The Worry Box Technique

, Psychologist, liyap.com 6.6K reads

The “Worry Box” is an incredibly straightforward and efficient technique to help you get rid of intrusive thoughts.

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Some people feel fine throughout the day and in the evenings. They manage their tasks and enjoy a decent mix of work and play, which makes their days pleasant. However, while trying to fall asleep, they may get intrusive, obsessive thoughts. As an expected consequence, they get anxious, and the sweet slumber seems to slip further and further away, while their minds are in turmoil.

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Can You Relate?

If you can identify with this example, the Worry Box technique might be just for you. If you don’t fit into this description but still have a hard time managing your thoughts and being able to relax from time to time, try it over a couple of nights and see what happens.

The Goals of the Technique

This technique’s objective is that you focus on the present moment, and only deal with your worries at the appropriate time.

Perhaps when you go to bed, you tend to think about all the stuff you’ve got to be involved in, such as challenging work assignments, difficult situations with loved ones, global issues, etc. It may then come a time when you associate bedtime with the negative experience of these thoughts. In other words, you worry about worrying. Apparently, that can leave anyone sad or frustrated. Hence the following simple technique.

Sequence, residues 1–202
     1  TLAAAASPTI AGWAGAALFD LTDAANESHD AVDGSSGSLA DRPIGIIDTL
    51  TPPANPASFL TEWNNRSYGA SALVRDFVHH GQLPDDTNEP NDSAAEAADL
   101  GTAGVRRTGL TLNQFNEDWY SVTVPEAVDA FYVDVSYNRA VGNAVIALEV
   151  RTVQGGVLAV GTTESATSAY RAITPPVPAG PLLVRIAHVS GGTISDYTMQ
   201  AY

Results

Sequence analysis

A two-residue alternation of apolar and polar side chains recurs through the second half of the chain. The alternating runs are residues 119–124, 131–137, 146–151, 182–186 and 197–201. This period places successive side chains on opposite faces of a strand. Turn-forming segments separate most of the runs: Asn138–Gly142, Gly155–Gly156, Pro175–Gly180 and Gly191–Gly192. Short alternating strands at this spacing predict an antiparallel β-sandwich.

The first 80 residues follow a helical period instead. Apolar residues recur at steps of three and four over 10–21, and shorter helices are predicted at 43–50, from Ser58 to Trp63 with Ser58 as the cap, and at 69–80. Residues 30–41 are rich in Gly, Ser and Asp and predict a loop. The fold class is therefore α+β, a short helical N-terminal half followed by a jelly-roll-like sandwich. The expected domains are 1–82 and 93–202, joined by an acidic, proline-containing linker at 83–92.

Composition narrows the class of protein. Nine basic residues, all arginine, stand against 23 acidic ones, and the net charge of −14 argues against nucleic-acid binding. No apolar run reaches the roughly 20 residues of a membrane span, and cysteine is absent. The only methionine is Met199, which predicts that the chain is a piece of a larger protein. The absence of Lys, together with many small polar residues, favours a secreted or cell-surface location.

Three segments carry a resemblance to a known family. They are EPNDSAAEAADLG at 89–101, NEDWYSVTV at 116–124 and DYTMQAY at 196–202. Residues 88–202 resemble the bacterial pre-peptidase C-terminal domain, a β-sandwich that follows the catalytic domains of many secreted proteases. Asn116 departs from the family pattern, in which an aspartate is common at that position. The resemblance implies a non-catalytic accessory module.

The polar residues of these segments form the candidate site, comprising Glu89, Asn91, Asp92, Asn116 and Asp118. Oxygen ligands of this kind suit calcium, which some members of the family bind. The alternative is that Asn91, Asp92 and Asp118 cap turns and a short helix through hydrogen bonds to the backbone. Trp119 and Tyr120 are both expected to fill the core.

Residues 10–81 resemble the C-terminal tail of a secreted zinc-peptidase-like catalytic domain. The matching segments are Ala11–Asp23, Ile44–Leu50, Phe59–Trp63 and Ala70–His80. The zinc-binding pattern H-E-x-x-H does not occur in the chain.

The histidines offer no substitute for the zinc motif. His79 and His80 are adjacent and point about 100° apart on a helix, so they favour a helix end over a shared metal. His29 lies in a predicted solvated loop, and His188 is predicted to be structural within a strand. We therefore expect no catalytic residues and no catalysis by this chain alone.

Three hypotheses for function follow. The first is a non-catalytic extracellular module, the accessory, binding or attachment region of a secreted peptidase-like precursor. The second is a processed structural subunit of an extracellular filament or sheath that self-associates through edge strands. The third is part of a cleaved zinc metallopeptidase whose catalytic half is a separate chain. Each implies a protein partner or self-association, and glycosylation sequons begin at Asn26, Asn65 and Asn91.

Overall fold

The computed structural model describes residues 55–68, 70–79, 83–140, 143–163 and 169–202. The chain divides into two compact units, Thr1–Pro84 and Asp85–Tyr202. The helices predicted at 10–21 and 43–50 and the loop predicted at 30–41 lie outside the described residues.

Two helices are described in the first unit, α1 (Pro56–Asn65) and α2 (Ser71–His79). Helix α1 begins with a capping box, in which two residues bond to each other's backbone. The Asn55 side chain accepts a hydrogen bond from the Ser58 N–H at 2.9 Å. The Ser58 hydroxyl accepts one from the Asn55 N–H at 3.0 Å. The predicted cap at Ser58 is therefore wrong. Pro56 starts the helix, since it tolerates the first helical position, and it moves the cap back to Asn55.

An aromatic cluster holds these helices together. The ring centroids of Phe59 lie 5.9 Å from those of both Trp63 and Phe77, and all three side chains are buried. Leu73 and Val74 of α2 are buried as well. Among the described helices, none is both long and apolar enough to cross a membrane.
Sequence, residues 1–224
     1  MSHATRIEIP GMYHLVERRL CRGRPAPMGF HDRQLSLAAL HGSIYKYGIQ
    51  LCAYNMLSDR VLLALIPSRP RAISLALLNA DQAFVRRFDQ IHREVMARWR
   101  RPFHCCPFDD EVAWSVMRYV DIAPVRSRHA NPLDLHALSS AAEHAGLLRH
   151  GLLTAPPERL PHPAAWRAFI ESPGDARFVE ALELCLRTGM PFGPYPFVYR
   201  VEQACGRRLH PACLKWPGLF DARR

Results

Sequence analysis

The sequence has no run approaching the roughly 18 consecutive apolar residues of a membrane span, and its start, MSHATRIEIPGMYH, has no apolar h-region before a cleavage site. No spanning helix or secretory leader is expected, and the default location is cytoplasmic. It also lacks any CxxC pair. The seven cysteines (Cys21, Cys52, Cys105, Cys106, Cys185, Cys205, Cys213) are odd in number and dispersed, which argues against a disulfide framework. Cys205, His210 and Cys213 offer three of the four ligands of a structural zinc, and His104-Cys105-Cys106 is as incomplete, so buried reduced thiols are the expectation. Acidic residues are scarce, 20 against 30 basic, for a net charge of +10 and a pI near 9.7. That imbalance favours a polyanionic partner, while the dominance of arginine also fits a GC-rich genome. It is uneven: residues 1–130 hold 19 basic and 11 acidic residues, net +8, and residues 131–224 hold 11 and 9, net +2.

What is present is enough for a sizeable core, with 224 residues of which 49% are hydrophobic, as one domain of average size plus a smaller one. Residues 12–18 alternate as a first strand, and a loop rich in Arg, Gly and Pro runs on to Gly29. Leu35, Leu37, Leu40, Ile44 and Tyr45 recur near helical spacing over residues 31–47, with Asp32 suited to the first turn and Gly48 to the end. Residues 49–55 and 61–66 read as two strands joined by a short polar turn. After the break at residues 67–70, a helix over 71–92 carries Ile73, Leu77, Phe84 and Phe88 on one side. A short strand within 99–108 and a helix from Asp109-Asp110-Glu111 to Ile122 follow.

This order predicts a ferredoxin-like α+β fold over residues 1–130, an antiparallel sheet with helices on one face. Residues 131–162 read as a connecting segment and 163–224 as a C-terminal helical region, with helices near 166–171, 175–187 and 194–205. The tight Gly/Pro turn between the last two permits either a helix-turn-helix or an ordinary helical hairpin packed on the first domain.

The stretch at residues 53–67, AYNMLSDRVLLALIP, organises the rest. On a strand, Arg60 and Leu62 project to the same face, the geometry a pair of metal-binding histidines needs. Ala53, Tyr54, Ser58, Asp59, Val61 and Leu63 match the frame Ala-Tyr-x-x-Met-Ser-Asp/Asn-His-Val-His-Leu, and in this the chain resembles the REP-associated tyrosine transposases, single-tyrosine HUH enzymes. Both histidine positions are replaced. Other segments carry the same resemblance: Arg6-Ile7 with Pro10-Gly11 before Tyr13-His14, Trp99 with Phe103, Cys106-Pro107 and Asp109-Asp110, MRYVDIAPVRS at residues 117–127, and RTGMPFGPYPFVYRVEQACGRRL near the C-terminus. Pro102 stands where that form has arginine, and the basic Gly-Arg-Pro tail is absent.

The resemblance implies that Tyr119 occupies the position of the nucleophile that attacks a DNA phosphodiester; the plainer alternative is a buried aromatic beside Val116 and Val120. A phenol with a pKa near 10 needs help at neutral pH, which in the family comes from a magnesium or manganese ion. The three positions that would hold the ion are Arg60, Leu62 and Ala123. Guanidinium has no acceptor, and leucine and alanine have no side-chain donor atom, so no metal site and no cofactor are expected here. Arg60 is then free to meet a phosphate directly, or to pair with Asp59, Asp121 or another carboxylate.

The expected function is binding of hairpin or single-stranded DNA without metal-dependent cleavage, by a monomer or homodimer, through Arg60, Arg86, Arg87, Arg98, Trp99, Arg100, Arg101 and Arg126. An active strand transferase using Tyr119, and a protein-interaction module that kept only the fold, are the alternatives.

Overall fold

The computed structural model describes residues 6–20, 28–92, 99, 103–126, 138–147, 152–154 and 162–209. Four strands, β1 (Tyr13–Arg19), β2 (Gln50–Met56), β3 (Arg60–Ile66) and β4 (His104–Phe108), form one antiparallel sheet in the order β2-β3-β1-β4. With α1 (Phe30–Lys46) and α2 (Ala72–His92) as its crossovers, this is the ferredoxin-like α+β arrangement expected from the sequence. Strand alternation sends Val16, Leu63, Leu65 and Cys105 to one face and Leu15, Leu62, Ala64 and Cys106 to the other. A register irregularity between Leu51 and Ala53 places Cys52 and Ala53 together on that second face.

Worry at a Set Time

If you struggle with obsessive thoughts and worries, telling yourself to stop can easily backfire, and you might end up feeling defeated when it doesn’t have to happen that way. Instead, set a particular time to think about what’s troubling you and how can you solve it. Schedule your worrying time and don’t let that be interrupted by anything else.

Sometimes we need to worry, and the more you command yourself not to, the more your worries stick to your mind. Knowing that you will have a specific time to worry, means you won’t be bothered by these negative thought at inappropriate times, and yet you’ll give them the necessary space.

Schedule Carefully

Have your “worry time” at the same hour every day, or at least as close to it as you can get. If you are not sure which time of the day would help you feel most at ease, then try a few options and see which one fits in best with your other tasks and needs. However, it is crucial that you always keep a few hours of distance between schedules worrying and bed time, since otherwise, you might not be able to relax.

Reflect

During scheduled worry sessions, think about what’s troubling you and answer the following questions about each situation. Remember that the only purpose of this exercise is to help yourself and all of your answers will remain private. Therefore, you can only benefit from being as honest and positive as possible.

  • Is the situation that stresses you out in your control?

  • What can you do about it?

  • Is this something you’re currently facing or a hypothetical situation?